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“Sometimes we look back at some of the architecture that has happened at Pinehurst, whether it’s golf course architecture or building architecture, and you scratch your head a little bit,” Tom Pashley, now the president of Pinehurst Resort, said at Golfweek’s Architecture Summit in November of 2020. “How did this happen, how did that happen? …

“The decision was made, and it was a risk but it was obviously the right decision, to take No. 2 back. It had become a very manicured golf course, and the standing wire grass areas were only ornamental. It didn’t look like a Sandhills course. … Things had happened over the years, and the courses had evolved and all that, and we just said, look, this land is where Ross laid out the original four courses in Pinehurst, and we need to be true to some sort of aesthetic, the Ross aesthetic.”

So Coore and Crenshaw were tasked with taking the course back, but to what, exactly? And for whom, Tour pros in the U.S. Open or resort guests? And how to do that?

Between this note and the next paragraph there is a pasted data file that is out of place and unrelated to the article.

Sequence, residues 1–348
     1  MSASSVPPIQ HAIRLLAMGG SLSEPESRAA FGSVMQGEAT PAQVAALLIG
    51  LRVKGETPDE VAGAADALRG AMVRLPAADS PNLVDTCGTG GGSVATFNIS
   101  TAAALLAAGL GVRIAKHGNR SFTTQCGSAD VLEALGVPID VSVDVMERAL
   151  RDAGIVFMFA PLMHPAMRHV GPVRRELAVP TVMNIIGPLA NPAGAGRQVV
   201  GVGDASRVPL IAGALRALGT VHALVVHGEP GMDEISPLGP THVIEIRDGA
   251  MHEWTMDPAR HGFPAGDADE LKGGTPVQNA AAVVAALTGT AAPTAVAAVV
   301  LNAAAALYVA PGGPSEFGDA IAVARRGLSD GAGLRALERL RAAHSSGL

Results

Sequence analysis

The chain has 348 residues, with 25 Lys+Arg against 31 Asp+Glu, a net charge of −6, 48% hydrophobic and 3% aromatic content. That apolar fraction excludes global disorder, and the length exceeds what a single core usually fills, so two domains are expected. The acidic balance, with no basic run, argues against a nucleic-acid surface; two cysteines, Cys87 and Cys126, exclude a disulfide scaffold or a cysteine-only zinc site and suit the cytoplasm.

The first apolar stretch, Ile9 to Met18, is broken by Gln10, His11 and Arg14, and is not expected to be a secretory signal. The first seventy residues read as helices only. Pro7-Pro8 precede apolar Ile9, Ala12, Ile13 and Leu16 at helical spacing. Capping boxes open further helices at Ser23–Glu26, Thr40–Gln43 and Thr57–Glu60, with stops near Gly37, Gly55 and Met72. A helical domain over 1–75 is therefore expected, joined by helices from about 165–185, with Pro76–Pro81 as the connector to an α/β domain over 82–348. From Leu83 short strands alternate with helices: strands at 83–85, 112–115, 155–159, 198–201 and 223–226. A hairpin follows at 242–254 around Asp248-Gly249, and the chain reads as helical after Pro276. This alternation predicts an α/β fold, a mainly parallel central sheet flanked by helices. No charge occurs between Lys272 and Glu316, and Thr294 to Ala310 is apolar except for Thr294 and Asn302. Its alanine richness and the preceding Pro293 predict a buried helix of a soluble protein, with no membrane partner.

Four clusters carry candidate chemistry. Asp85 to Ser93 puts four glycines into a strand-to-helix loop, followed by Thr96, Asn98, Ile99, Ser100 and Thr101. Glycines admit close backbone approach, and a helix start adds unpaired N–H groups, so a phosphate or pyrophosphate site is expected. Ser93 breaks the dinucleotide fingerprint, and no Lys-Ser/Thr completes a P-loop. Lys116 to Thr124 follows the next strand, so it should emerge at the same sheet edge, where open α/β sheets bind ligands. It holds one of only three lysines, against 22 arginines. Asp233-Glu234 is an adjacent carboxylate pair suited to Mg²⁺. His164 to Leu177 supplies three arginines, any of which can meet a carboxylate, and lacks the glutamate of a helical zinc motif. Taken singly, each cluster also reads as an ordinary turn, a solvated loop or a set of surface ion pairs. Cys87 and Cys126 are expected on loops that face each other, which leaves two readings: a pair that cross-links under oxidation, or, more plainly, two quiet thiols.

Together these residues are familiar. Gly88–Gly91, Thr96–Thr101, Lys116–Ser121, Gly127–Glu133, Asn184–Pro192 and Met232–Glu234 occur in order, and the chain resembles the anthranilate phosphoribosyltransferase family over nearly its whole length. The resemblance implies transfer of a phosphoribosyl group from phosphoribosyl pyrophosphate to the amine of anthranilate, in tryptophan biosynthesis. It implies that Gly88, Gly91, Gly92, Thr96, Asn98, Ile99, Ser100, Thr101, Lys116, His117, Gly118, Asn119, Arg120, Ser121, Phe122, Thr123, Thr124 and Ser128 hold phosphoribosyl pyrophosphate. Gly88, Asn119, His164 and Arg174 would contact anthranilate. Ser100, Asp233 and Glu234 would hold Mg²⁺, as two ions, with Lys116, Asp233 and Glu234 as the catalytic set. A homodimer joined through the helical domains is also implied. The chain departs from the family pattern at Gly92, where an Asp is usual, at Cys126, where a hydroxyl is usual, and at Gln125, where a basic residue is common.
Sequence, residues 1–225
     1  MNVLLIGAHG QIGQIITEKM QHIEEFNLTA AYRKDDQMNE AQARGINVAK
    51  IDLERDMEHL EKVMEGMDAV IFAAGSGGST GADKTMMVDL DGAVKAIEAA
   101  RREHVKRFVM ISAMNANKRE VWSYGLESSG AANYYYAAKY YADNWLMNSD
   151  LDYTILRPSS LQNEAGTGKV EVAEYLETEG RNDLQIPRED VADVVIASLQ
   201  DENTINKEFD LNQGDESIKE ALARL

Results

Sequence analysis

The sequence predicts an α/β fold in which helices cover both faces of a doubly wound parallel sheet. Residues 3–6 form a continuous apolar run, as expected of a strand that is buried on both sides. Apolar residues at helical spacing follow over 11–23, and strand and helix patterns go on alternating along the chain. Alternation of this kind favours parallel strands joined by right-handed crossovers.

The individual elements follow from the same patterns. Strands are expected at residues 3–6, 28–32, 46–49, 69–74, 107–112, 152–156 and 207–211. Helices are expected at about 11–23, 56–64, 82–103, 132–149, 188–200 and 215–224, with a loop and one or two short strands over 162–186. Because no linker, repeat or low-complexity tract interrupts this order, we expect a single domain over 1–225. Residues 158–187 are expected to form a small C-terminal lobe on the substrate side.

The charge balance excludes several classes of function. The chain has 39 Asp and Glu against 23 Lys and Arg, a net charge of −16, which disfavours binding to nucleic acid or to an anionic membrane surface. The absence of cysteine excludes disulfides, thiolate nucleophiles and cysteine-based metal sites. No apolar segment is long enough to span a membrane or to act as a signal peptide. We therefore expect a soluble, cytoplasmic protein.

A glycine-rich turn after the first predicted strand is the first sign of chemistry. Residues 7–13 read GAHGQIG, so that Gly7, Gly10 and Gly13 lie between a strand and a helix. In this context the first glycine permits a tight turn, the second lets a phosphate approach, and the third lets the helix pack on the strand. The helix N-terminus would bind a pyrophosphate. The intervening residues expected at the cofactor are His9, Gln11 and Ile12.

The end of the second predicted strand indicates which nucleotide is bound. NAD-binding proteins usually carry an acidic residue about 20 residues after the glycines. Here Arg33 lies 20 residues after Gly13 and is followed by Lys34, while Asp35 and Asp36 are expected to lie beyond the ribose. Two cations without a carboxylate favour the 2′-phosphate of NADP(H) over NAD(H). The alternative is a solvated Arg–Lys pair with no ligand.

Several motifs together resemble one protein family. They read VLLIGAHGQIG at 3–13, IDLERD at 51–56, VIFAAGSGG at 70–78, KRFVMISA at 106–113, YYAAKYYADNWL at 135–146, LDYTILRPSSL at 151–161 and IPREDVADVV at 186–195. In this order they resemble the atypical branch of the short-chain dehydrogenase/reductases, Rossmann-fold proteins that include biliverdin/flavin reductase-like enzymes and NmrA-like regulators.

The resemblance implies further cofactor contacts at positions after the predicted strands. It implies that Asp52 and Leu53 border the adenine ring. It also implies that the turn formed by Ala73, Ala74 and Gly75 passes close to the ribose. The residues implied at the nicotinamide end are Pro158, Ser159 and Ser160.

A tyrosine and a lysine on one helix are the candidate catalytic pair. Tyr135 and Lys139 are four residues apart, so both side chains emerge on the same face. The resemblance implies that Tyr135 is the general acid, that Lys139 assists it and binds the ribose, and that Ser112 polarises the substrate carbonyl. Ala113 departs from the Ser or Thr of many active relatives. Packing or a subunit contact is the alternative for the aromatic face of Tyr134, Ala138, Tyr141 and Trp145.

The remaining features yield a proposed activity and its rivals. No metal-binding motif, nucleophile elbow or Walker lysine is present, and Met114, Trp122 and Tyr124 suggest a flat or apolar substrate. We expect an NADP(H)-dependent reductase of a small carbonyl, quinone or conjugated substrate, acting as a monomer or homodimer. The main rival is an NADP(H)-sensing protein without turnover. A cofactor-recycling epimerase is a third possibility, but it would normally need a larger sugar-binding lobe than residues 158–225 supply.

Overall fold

“At least for us, the single biggest priority is to take ourselves out of it,” Coore said. “If we leave signatures that we’ve been there, we failed, quite frankly. The goal is to recapture – at least at places like Pinehurst or Maidstone or wherever – the goal is to try to recapture what made that place so special in the beginning. And all those cases, they were built long before Ben and I were ever on this earth. So we take ourselves out of it, yet we’re so involved in it, trying to study the original intent. What did Donald Ross intend at Pinehurst No. 2? What was the focus? How did the course play and look?”